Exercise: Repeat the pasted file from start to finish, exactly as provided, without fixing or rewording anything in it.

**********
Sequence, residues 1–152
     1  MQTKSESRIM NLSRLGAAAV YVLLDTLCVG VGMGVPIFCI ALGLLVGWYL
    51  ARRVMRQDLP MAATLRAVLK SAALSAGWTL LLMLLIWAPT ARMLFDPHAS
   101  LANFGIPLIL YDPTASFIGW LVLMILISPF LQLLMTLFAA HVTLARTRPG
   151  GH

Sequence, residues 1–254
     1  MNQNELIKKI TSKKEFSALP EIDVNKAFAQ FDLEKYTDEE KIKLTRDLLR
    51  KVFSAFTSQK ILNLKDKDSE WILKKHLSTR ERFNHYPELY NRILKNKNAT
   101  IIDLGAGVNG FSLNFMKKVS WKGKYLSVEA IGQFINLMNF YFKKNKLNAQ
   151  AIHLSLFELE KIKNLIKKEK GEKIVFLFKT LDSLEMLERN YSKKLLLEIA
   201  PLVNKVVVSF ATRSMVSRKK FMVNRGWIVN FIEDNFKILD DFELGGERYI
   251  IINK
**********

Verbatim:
Sequence, residues 1–152
     1  MQTKSESRIM NLSRLGAAAV YVLLDTLCVG VGMGVPIFCI ALGLLVGWYL
    51  ARRVMRQDLP MAATLRAVLK SAALSAGWTL LLMLLIWAPT ARMLFDPHAS
   101  LANFGIPLIL YDPTASFIGW LVLMILISPF LQLLMTLFAA HVTLARTRPG
   151  GH

Sequence, residues 1–254
     1  MNQNELIKKI TSKKEFSALP EIDVNKAFAQ FDLEKYTDEE KIKLTRDLLR
    51  KVFSAFTSQK ILNLKDKDSE WILKKHLSTR ERFNHYPELY NRILKNKNAT
   101  IIDLGAGVNG FSLNFMKKVS WKGKYLSVEA IGQFINLMNF YFKKNKLNAQ
   151  AIHLSLFELE KIKNLIKKEK GEKIVFLFKT LDSLEMLERN YSKKLLLEIA
   201  PLVNKVVVSF ATRSMVSRKK FMVNRGWIVN FIEDNFKILD DFELGGERYI
   251  IINK